Atlantic prosecutor accused of gender discrimination in whistleblower lawsuit

Former Assistant Prosecutor Diane Ruberton, center, and former Lt. Heather McManus, third from left, allege Atlantic County Prosecutor Damon G. Tyner demoted high-ranking women while giving men raises, paid newly hired women at a lower rate, covered up complaints of gender discrimination and spoke in a derogatory fashion about women in general. Also pictured are attorneys Michelle Douglass and Philip Burnham.

An Atlantic County freeholder and the county executive are the latest to be named in a whistleblower lawsuit against the county Prosecutor’s Office that alleges gender discrimination, retaliation and other illicit behavior.

The original lawsuit, filed by former Assistant Prosecutor Diane Ruberton, former Lt. Heather McManus and current Assistant Prosecutor Donna Fetzer on Jan. 10 in Atlantic County Superior Court, was dismissed Jan. 23.

It was then refiled that same day to include County Executive Dennis Levinson and Freeholder Frank Formica, according to court records.

Levinson, who said he was served with the lawsuit Sunday, said it’s “astounding.”

“The county government has no say over the Prosecutor’s Office,” he said Wednesday. “We have nothing to do with day-to-day activity.”

Likewise, Formica said he “could not believe” he was served Wednesday morning, calling the suit “schoolyard bullcrap.”

The latest version of the suit alleges Levinson and Formica “refuse to look deeper at gender bias and systemically devalue plaintiffs, as women, in the workplace” and “have publicly announced their support of the male defendants even before this lawsuit was filed and even before all the facts were and/or have been disclosed,” according to the 146-page suit.

In return for their support, Prosecutor Damon G. Tyner provided financial gain to their family members, according to the suit.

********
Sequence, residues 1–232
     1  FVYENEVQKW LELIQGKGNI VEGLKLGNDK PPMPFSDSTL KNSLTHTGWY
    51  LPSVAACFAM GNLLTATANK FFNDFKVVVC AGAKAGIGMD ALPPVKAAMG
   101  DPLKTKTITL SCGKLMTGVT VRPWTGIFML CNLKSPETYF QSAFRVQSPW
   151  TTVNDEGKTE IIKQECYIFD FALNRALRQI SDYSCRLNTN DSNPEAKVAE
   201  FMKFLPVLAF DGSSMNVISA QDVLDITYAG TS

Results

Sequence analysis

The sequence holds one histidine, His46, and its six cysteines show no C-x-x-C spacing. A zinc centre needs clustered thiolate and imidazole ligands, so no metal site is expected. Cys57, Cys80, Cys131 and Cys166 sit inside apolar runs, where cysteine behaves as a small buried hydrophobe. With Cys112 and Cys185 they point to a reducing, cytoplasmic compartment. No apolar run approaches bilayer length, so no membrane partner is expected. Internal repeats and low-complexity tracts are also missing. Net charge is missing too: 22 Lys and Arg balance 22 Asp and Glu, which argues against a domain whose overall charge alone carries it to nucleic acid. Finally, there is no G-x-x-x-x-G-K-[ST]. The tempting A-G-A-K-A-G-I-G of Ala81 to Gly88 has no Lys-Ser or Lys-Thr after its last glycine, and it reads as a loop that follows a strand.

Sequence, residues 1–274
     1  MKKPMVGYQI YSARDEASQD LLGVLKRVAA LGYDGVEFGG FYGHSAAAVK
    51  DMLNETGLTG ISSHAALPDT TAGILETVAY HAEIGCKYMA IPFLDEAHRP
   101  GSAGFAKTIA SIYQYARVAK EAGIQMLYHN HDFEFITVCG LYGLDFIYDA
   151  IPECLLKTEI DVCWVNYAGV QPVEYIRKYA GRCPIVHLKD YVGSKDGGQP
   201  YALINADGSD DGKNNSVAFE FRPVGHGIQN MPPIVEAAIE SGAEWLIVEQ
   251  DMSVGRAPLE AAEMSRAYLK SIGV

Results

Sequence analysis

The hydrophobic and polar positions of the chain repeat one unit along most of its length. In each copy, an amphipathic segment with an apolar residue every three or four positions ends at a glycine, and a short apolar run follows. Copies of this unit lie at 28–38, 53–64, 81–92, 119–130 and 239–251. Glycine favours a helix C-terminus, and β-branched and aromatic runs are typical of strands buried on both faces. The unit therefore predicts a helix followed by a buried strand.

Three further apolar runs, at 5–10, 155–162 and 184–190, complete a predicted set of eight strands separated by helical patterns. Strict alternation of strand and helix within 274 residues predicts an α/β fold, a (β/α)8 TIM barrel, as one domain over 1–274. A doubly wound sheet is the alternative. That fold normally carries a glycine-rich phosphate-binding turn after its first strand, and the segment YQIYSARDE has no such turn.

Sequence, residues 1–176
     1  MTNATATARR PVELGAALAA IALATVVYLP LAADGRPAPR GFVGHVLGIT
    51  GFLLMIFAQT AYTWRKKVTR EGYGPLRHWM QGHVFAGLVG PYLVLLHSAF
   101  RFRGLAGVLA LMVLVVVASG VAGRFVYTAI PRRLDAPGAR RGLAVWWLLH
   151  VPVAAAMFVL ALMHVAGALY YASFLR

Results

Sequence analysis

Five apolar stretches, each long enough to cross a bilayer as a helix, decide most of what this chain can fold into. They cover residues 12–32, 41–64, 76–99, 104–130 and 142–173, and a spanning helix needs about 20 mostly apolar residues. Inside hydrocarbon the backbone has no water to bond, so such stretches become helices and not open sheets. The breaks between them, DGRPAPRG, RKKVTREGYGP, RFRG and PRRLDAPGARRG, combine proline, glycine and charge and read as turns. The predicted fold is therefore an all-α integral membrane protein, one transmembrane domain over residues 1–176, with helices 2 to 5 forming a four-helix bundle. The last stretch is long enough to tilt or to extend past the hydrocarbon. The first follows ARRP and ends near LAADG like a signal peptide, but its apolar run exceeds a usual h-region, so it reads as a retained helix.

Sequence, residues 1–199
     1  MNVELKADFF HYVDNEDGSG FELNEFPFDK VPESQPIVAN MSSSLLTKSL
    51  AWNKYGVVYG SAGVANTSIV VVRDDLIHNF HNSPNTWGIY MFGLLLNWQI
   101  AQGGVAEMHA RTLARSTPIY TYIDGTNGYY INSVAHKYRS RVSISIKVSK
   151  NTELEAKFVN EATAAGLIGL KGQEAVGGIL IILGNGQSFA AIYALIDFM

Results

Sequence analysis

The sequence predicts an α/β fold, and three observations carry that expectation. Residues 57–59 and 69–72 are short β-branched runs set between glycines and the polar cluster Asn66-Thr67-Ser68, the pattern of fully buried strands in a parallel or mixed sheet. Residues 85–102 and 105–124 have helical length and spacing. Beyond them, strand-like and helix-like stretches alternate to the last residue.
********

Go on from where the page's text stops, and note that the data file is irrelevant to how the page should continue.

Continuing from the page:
The suit alleges Levinson’s son-in-law, who is not named in the lawsuit, received a promotion and a $50,000 salary bump, and Deputy First Assistant Prosecutor Mario Formica, Frank’s brother and a co-defendant in the suit, received a $30,000 raise.

In a statement, Michelle Douglass and Philip Burnham, lawyers for the women, said Levinson and Formica “aided and supported other defendants in their wrongdoing” and that they have “unfairly attempted to influence the Board of Freeholders in favor of the defendants regarding the claims in this lawsuit and have attempted to discredit the women’s claims.”

In response to the original suit, the Prosecutor’s Office posted a statement that day from Tyner on its Facebook page.

“It is apparent that the plaintiffs are living in an alternative universe,” the statement said. “The very same conduct they accuse me and the members of my administration of committing was actually carried out by them and others during their brief, ineffective period of leadership of the Atlantic County Prosecutor’s Office. I am disappointed that this has drawn attention away from all of the important work that the women and men of the Atlantic County Prosecutor’s Office accomplish on a daily basis.”

In addition to allegations of gender discrimination, the three women claim Tyner was involved in mortgage fraud, failed to investigate a claim that a police officer was leaking confidential information about the April Kauffman murder case and failed to tell defense counsel about the possible leak, fired employees to hire his brother and refused to investigate after an assistant prosecutor exchanged advice via texts with a defendant in a pending domestic violence case.

Also named in the suit are the Atlantic County Prosecutor’s Office, Atlantic County and Prosecutor Cary Shill.

Contact: 609-272-7241 Twitter @ACPressMollyB

Staff Writer

My beat is public safety, following police and crime. I started in January 2018 here at the Press covering Egg Harbor and Galloway townships. Before that, I worked at the Reading Eagle in Reading, Pa., covering crime and writing obituaries.

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